Dance Teacher Tips

3 Tips to Help Young Dancers Understand (Healthy) Spinal Alignment

Class at Canada's National Ballet School. Photo by Cylla von Tiedemann, courtesy of Canada's NBS

With little round tummies, shoulders up to their ears and limbs akimbo, young dancers are adorable twirling around in their first tutus and ballet slippers.

When they graduate from pre-ballet, though, proper alignment will become a top priority. Learning correct placement of the spine early gives children a solid foundation for their future training. Bad habits like slumped shoulders, buckled bottoms and arched backs with protruding tummies can inhibit technical development or lead to injury. Below, experts share three key strategies to help young dancers understand placement.


Use Imagery

Young dancers aren't yet able to understand how the bones, joints and muscles work to engage proper alignment. Gretchen Gunther, who teaches at The School at Steps in New York City, says that using imagery can help them activate their bodies, while making repetitive work playful. To engage the core and straighten the back, she has dancers imagine a marionette string pulling them up through their spines and pretend their belly buttons are push buttons. Immediately, she sees their backs lengthen and abdominals pull toward their spines.

Gunther says simple port de bras helps youngsters concentrate. Photo by A. Greenwald, courtesy of Steps

To access the subtler lower abdominals, Gunther asks students to think of what it feels like to zip up a tight pair of jeans. If she finds dancers twisting, she has them picture the torso as a rectangle, with shoulders and hips for corners, stacked and even, to keep everything on an even plane.

Physically Adjust Them

It's sometimes necessary to use physical manipulation while teaching children alignment, because they haven't yet experienced what the positions should look and feel like. “I'm very hands-on," says Kelly Burke, artistic director of Westchester Dance Academy in Mount Kisco, New York. “I put them into place, especially the younger dancers." That way, their muscle memory understands the effort it takes to align the spine.

Kelly Burke of Westchester Dance Academy. Photo courtesy of Kelly Burke

A finger under the chin or a light touch on the back or tummy is enough to remind them of the alignment corrections they've learned, says Gunther. Another strategy is to have them adjust themselves. She often has students push lightly at their own belly buttons to see if their cores are activated.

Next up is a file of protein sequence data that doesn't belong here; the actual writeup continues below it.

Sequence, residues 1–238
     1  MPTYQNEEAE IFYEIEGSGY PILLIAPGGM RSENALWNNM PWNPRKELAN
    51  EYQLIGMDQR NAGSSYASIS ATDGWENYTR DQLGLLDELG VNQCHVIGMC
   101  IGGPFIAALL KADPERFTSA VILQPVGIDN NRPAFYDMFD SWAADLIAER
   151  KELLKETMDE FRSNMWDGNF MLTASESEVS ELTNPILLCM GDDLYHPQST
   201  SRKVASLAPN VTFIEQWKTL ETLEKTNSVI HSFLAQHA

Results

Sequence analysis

Keep It Simple

It takes a lot of effort for young dancers to organize their growing bodies, so Gunther simplifies port de bras by having students put their hands on their hips or fingers on their shoulders throughout some of barre and center, especially during active movements like chassés and gallops.

Burke often teaches exercises in parallel, so students can learn how the body should stack, hips over the feet, without having to worry about turnout. Slow relevés and tendus in parallel facing the barre can help them concentrate on keeping their backs straight and tummies in.

Teaching alignment to children requires gradual progression and constant reinforcement. “Ballet technique is so complex," says Gunther, who gives short barre exercises because she finds that when work continues after students tire, they'll often lose their placement, reinforcing bad alignment. “At this age, sometimes less is more."

Off the Barre and On the Floor

Working on the floor helps dancers concentrate and reduces the tendency to lean, arch and twist. Anuschka Roes of Canada's National Ballet School in Toronto uses these strength-building exercises to help young students learn to engage their cores and backs.

Dancer's Secret Exercises

Activates the abdominals

Have students lie face down on the floor and picture a ball inside their tummies, just below the navel. It slowly rolls in place and then at a diagonal up and toward the spine, stopping at the bottom of the ribs. Students' abdominals should be activated, with enough space to slide a hand between the waist and the floor. Repeat standing. Roes calls this exercise “the dancer's secret," because activating the abdominals is a subtle movement that shouldn't be seen from the back of the body.

The Superman

Strengthens the back muscles

Have dancers lie face down, head in line with the spine. With legs in parallel and arms above the head, they raise their arms and legs a few inches off the ground. Depending on a dancer's strength, the chest and torso may lift off the floor (without splaying the ribs). Have them hold here for 4–8 counts, resting for 8–12 in between sets. Repeat three times. The length of time they hold the position increases gradually during the exercise.

The Conversation
Dance Teachers Trending
Photo courtesy of Hightower

The beloved "So You Think You Can Dance" alum and former Emmy-nominated "Dancing with the Stars" pro Chelsie Hightower discovered her passion for ballroom at a young age. She showed a natural ability for the Latin style, but she mastered the necessary versatility by studying jazz, ballet and other forms of dance. "Every style of dance builds on each other," she says, "and the more music you're exposed to, the more your rhythm and coordination is built."

Keep reading... Show less
Studio Success with Just for Kix
Bill Johnson, Courtesy Just for Kix

Running a dance studio is a feat in itself. But adding a competition team into the mix brings a whole new set of challenges. Not only are you focusing on giving your dancers the best training possible, but you're navigating the fast-paced competition and convention circuit. Winning is one goal, but you also want to create an environment that's fun, educational and inspiring for young artists. We asked Cindy Clough, executive director of Just For Kix and a studio owner with over 40 years of experience, for her advice on building a healthy dance team culture:

Keep reading... Show less
Just for fun
Via Instagram

Happy Father's Day to all of the dance dads in the world! Whether you're professional dancers, dance teachers, dance directors or simply just dance supporters, you are a key ingredient to what makes the dance world such a happy, thriving place, and we love you!

To celebrate, here are our four favorite Instagram dance dads. Prepare to say "Awwwwwwwweeeeeee!!!!!!"